The dogs were pacing up and down the fence looking for an unsuspecting impala; F2 lagging behind doing her own thing, as usual, she’s so weird. Perhaps she wants to disperse, but without any other dogs nearby what can she do? The troubles of small fenced reserves.
The dogs caught sight of an impala herd and ran off hunting them, we hugged the fence line and slowly followed until we reached a corner. Here were two male impala, they hadn’t fled when the dogs gave chase, and while the dogs weren’t in sight, these impala were dicing with death, “they’re screwed” I said. The dogs could easily surround them and force them into the electrics.
Sure enough we spotted the pack coming back up the hill, their herd chase had been fruitless and they were resuming fence patrols. The impala watched, but didn’t flee. A dog sees one and starts running, a single impala heads along the fenceline and down the hill, out to safety. The dog doubles back and now the rest of the pack are here too – the lone last impala turns to run, an impulse, but it’s got nowhere to go, it’s in a corner. It takes a leap of madness and launches itself directly into the fence in a desperate attempt to escape, its horns get caught and we hear the familiar zzzap noise – it’s being electrocuted, its body jolts. Wriggling and writhing it breaks free, leaping away from the dogs, it runs by the back of the truck and down the hill. The whole pack sprints behind it, gaining on it with each impala jump. Just over the hill, just out of sight, but in front of tourists, they make the kill. We arrive to the sounds of tourists chatting loudly about how amazing that was, below us in a drainage area the dogs are almost done eating.
Our 11th dog session was much like those before it. We headed south, got a signal, followed the signal and found the pack of 5 sitting on the fence line. Their patterns were becoming predictable. We arrived too late for their morning hunt, presumably they’d already eaten – that or they simply weren’t hungry. F2 was being her weird self again, while the pack rested she paced up and down the fence, looking out across the road to Thanda reserve; we couldn’t see what interested her – some nyala, a kill, perhaps some vagrant wild dogs? Who knows? Her behaviour is so odd.
A dead impala lay on the roadside, it’d died from exhaustion overnight – the dogs sniffed at it, they nibbled at its groin (taking the gonads), but let it be. We needed to continue our wild dog habituation by doing another baiting; we could use this impala. After coffee, rusks, and once all the safari jeeps were gone, Dani dragged it by the legs to the truck, we took the scrawny male home with us, along with the copious little black ticks that called him home.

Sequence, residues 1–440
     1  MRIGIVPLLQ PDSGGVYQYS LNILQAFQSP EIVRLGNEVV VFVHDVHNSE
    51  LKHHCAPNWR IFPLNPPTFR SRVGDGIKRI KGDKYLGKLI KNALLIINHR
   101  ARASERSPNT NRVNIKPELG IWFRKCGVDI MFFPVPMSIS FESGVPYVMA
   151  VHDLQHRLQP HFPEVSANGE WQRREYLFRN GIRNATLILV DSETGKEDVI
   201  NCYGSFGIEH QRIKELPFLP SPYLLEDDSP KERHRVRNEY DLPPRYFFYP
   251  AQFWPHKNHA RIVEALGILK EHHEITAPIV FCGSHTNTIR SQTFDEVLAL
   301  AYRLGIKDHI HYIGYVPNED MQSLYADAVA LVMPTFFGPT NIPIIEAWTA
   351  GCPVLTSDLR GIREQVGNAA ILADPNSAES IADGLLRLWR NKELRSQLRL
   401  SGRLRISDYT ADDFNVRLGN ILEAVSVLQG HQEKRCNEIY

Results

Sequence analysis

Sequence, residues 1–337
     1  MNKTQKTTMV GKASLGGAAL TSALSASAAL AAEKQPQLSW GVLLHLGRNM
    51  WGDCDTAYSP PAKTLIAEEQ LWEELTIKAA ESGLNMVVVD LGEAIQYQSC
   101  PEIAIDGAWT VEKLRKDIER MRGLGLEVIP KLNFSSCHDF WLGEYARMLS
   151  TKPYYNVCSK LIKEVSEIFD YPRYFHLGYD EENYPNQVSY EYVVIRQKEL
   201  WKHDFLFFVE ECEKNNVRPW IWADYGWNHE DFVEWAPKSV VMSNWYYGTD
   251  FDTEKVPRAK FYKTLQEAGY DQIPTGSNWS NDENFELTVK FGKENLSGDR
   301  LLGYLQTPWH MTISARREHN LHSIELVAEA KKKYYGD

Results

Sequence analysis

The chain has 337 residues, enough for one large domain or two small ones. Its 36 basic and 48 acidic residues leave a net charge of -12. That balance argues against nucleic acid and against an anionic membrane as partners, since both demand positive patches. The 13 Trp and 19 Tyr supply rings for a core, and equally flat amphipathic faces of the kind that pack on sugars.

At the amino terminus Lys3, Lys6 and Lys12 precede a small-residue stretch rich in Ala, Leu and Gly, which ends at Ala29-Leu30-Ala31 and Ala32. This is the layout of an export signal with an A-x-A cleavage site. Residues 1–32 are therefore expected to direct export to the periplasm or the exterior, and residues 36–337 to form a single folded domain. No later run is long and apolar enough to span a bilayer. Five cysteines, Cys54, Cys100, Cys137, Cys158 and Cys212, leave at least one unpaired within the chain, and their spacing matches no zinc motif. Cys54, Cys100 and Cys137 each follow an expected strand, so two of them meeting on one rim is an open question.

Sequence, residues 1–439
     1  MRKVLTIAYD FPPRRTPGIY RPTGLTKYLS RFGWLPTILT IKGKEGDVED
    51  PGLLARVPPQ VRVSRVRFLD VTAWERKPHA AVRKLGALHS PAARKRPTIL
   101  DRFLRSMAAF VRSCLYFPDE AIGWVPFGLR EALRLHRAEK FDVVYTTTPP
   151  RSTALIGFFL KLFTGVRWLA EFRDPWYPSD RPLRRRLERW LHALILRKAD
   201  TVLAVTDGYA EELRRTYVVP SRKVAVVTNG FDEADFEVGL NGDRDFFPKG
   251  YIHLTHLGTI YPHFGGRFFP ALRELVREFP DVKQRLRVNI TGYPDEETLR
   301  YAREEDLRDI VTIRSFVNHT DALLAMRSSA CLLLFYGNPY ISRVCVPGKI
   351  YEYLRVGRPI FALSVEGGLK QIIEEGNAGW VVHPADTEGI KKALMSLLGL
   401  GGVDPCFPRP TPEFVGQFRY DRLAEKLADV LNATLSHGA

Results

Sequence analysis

We had an eye, or a nose, for spotting dead animals today. This dead impala, shortly followed by a dead zebra – partly eaten by vultures; a dead warthog on the roadside; vultures chewed a leg of nyala; wildebeest and buffalo skeletons amidst the thicket; a poor grey duiker dead too. This is Africa. This is what drought looks like. Scrawny, exhausted, dry, brown, desolate and dead. ZRR needs rain desperately.
In the afternoon, ticks now all over the truck, a stream of clear impala juice running under the seats, we set off with our impala to bait the dogs. We arrived in good time, they were resting where we’d left them. Dane met us there. Once the dogs had woken, stretched and set off on their patrol, we got to work. Dane cut off a leg, tied rope to it, and we dragged it behind, spreading the impala scent as we drove. Upwind from them we tied the carcass to a tree and drove away to watch what would happen. The aim is to get as close as possible while they feed.
It wasn’t the most successful bait; after a few minutes they found it, they nibbled, they tasted, and then they left – all before we could respond. Only F2 stayed by the carcass, she seemed content to eat it. The others wandered out of sight, presumably hunting. We left them and the carcass and called it a night.
We saw rhino, buffalo, elephant, 6 ostrich and our first hippos on the drive home.